EDITOR’S NOTE: Exciting news! We’re making some changes to your daily Profit Watch service. I’m going to bring you a broader array of analysis and ideas to help your trading and investing.
I also need some help to carry the workload. Writing every day is great fun. But my premium trading service Catalyst Trader is now ‘officially’ live…and I’ve got dozens of stocks to track and trade.
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We’re still here to brighten your day, sharpen your mind and challenge your preconceived notions…and maybe even give you a laugh every now and again. I’ll keep you posted on the timeframe for this slight shift. Thanks for your continued support!
I did an interview the other week with Martin North, the principal of Digital Finance Analytics (DFA).
You can listen to it here.
I like talking to economists like Martin. It gives me a chance to tell it like it is.
Like taking the veil off the real estate industry spruik.
And there’s plenty of it around.
You just have to scroll through the numerous Facebook and Instagram adverts from the property industry.
Promising easy gains on the back of a forthcoming real estate boom.
Same story repeated for years
Many have fallen foul of the poor advice offered.
Take the pitches for Brisbane for example.
For years I’ve heard numerous spruikers make wild claims about Brisbane’s real estate market.
The story usually goes that it is on the cusp of a turn.
And that is understandable.
Between mid-2012 and 2017, Melbourne and Sydney had a dramatic run-up in price growth.
You would naturally expect that to overspill into other markets — and Brisbane would seem the obvious option!
And then in 2017, an email from a reputable investment firm crossed my desk claiming the following:
‘…the last 15 years Brisbane has been the best performing Australian property market. Brisbane’s Cycle lags Sydney and Melbourne which is why its growth this cycle (5- and 10-year returns) looks like it has only just begun…’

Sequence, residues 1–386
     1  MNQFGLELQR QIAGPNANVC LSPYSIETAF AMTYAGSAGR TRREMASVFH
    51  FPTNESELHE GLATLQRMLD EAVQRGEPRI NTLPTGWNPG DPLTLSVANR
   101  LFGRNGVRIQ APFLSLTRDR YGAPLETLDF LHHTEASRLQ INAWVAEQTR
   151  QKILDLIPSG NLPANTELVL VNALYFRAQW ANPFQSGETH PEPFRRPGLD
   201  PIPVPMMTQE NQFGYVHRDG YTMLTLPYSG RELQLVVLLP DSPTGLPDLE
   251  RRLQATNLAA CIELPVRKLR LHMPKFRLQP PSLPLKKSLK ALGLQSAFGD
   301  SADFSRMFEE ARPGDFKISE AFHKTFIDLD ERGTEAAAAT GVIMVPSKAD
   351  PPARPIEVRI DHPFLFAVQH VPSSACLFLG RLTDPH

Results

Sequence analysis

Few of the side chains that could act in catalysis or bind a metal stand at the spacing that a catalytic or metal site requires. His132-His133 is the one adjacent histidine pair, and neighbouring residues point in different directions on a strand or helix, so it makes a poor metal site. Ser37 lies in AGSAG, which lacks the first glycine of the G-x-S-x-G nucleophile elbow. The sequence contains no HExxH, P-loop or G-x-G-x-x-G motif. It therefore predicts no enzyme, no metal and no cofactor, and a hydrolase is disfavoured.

It caught my attention because Brisbane has in fact performed very poorly over the last 15 years!
In fact, in the 10 years to the recent downturn in 2018, the median price for houses in Brisbane only increased 1.9% per annum.
And if you think that is bad, unit medians have barely moved at all.
The reason so many were spruiking Brisbane is due to record numbers moving to south east QLD.
But of those numbers only around 5–10% are heading into Brisbane (it varies each year).
Approximately 48% of QLD’s population live in the city.
The lion’s share of population growth is going to the Gold Coast, Sunshine Coast, Moreton Bay, Cairns, Ipswich and the Scenic Rim…
Some of these areas have stronger local economies than Brisbane. Sunshine Coast, Moreton Bay, and the Gold Coast for example.
That means less competition from cashed-up buyers wanting to situate in *just* the centre of the capital.
It’s because QLD is the nation’s most decentralised state — and has been throughout its history.
So if you don’t identify where the population is heading, and know little about how the land market will react to the incoming surge — you’re going to make expensive mistakes.
One of my readers did just that. Writing to me:
‘I purchased 2 properties (in Brisbane) to benefit my retirement. To cut it short both these properties current market value are still considerably below their purchase price and the rents in both have reduced over time, all in total contradiction to the Property Clock.’
I expect similar mistakes will be made on the back of a COVID ‘work from home’ migration into regional areas.
Some property markets will see a benefit. Others will go nowhere, despite increased population growth.
I teach readers how to identify the regions that are going to boom in my newsletter ‘Cashmore’s Real Estate Wealth’.
Darwin and Perth in the midst of a rental crisis
But for now, two areas that I have my eye on are Darwin and Perth.
They’re in the midst of a rental crisis.
Real estate agents reporting locals and inbound migrants from Melbourne starting to fight for dwindling numbers of rental properties.
‘In one property we had 42 people through, with five applications,’ said a Darwin agent.
‘None of the applications came in at the rental price. It was advertised as $550 per week, the lowest that was offered was $560 and the highest offered $620.
‘One client gave us notice he was going to break his lease.
‘Then two weeks later he withdrew that notice because he couldn’t find anything as good as he was in, and all for $200 more.
‘If you’re in a rental right now and you’re thinking you’re paying too much, think again.’
Similar is happening in WA, with the vacancy rate hitting its lowest point since 2007.
The real estate cycle has a number of stages.
Homer Hoyt detailed 20 of them in his classic text One Hundred Years of Land Values in Chicago (1933).
These are the stages that make up the property clock.
It always starts with rising rents
Rising rents come as a result of increasing demand (population growth) against low rates of construction.
Rents feed into increasing land values.
Banks willing to lend investors more — calculating the rent as payment for the interest.
As rents rise, renters become buyers.
Developers start to make healthy profits.
And on it goes.
We’re not at the end of this mid-cycle by any means.
But there are good opportunities out there if you know the cycle, and where to look.
For Profit Watch